Agenda setting and problem identification

Who determines what is
• Agency staff or administrators.
• Client reports or advocacy efforts at the agency level.
• Community based social action, advocacy, or community
development agencies.
• Elected officials
• Political candidates
• Whistleblower reports
• City, state, and national advocacy/interest groups.
• Professional organizations
• Media
• House of Representatives/U.S. Senate
• State Assembly/Senate
• Federal information also available at: (Thomas) and Federal
• State information also available from the
Legislative Analyst’s Office
California Budget Project:
• We can also find legislative analysis, issue research, and
advocacy material on the websites of advocacy and research
organizations (for example, the League of Women Voters,
NASW, Children Now, the National Rifle Organization, National
Council of La Raza, NAACP, etc).
Information on the mission of the organization
Research Reports
Identification of Problems
Recommendations for New Programs or Modifications in
Current Legislation
Articulation of Values/Ideology
Identification of Disparities Among Groups
Links to similar organizations/Coalition partners
Requests for lobbying assistance/lobbying activities.
• Some web pages created by “virtual
groups.” These organizations may not
have actual members or an office.
• Some organizations may simply be
created to advertise or sell products and
may not be advocacy groups.
• Some websites may simply contain
erroneous information or gossip.
• It’s up to the reader to decide if the group
is real and information is accurate.
• See assignment criteria on:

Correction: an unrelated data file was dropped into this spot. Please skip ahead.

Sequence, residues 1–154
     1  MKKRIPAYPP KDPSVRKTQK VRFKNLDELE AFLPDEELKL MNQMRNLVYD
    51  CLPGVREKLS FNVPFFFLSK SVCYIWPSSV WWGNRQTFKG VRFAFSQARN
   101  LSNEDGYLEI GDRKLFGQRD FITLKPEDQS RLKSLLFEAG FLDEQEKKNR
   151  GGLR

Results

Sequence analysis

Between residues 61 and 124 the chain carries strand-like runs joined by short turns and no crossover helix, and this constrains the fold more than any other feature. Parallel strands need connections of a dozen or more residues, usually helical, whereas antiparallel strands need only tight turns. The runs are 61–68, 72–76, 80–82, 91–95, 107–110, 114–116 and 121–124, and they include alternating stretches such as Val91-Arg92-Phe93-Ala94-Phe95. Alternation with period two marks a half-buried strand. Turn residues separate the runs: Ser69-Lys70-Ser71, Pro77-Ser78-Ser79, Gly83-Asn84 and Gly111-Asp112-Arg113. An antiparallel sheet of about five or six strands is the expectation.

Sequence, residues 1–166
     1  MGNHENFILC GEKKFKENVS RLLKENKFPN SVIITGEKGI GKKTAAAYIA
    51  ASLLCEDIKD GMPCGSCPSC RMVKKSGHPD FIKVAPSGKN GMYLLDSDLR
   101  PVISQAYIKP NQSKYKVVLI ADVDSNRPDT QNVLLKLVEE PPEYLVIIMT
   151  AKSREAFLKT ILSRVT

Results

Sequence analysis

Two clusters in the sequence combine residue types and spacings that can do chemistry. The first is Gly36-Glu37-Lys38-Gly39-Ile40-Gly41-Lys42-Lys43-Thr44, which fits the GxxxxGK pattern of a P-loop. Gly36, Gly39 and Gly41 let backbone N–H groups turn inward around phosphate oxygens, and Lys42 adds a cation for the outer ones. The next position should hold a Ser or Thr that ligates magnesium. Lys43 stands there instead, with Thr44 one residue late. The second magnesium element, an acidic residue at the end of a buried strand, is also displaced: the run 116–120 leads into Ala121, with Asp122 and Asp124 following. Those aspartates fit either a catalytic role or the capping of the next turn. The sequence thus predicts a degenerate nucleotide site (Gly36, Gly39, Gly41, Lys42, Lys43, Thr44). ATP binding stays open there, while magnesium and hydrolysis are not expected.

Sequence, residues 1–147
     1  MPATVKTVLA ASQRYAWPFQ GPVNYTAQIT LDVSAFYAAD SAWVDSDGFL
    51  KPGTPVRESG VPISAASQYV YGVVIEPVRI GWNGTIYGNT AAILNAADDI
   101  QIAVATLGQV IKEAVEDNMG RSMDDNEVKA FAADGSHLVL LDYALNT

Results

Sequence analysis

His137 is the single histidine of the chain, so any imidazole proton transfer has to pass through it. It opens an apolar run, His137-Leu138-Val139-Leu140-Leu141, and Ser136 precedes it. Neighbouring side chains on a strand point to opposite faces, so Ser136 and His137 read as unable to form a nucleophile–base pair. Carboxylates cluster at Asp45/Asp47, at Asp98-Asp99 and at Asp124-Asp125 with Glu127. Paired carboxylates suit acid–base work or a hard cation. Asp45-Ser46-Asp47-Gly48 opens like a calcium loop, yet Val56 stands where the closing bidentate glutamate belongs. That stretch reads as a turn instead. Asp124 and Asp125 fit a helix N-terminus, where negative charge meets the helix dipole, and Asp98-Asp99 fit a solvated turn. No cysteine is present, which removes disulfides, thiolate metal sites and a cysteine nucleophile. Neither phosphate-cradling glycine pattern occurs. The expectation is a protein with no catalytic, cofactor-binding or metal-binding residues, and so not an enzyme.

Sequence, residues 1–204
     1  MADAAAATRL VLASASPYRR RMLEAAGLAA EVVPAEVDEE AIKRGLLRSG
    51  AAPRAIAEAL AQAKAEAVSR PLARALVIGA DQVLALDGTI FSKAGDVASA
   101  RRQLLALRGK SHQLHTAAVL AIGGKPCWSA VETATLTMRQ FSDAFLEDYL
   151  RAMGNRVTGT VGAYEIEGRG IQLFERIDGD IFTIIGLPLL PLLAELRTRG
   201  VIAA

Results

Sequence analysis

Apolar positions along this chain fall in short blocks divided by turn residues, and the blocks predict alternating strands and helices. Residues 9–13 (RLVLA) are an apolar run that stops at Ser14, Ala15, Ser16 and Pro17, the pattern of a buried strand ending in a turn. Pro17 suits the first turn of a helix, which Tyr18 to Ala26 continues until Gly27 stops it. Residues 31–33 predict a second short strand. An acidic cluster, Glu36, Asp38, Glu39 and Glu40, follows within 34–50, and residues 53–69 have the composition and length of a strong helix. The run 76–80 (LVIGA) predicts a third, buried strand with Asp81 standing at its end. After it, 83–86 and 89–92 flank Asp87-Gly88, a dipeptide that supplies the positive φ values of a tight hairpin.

• Have you been directed to the page by
another legitimate source?
• Do research reports contain academic
references? Is it clear who authored the
• Conducting research to identify the problem, its scope, and its
source. You also need to know how people are affected by the
• You need to find people who can testify at hearings or talk to the
media about the problem and its affects (both experts and people
who have experienced the problem).
• Research should be conducted on problem solutions. Alternative
solutions and their benefits/limitations should be identified.
• The current views and sources of power of decision-makers should
be identified. Also, the policy advocacy should identify interest and
advocacy groups that are likely to weigh in on the issue. The policy
advocate should identify likely allies on the issue.
• Find a legislator to sponsor a policy change and identify a likely
committee of origin.
• Find a “window” of opportunity for recommending a
policy change.
• Appeal to ethical principles such as social justice or
• Use media contacts to disseminate information about the
policy problems or solution.
• Provide detailed information to the media and decisionmakers in useable form.
• Utilize media contacts who are in a position to actually
advocate for and against issues (TV or radio talk shows;
editorial boards of newspapers).
• Mobilize the public to take action
• Cooptation of others
• Asking others for solutions or negotiating
agreements with other groups who may
want the legislation for other reasons
• Coupling two or more issues together
• Providing a good frame (way of viewing
the issue) and title
• We use policy models to view how decision-making works.
• Jansson describes Simon’s garbage can model:
Many issues and solutions percolate in the legislative process.
Therefore many ideas are generated and may be thrown together in
the general decision-making process.
• We’ve talked about the incremental decision-making process. Policy
is made in small steps and grows out of the process of negotiation
and compromise.
• There is also the rational model – in which good decisions are
thought to originate in expert decision-making and data analysis.
Legislators then act on what the expert has recommended.
• We will talk about other ways to view the legislative process later in
the course. (Elitist, neo-elitist, and public choice models).
• Looks at how various levels of government interact to
resolve problems and implement policies.
• Looks at the role of the various policy actors.
• Looks at how implementation may vary among agencies
and the various roles and jurisdictions associated with
these agencies.
• Looks at the flow of information and communication
among the various agencies and outside organizations.
• Looks at the impact of jurisdictional and communication
problems. Recommends solutions.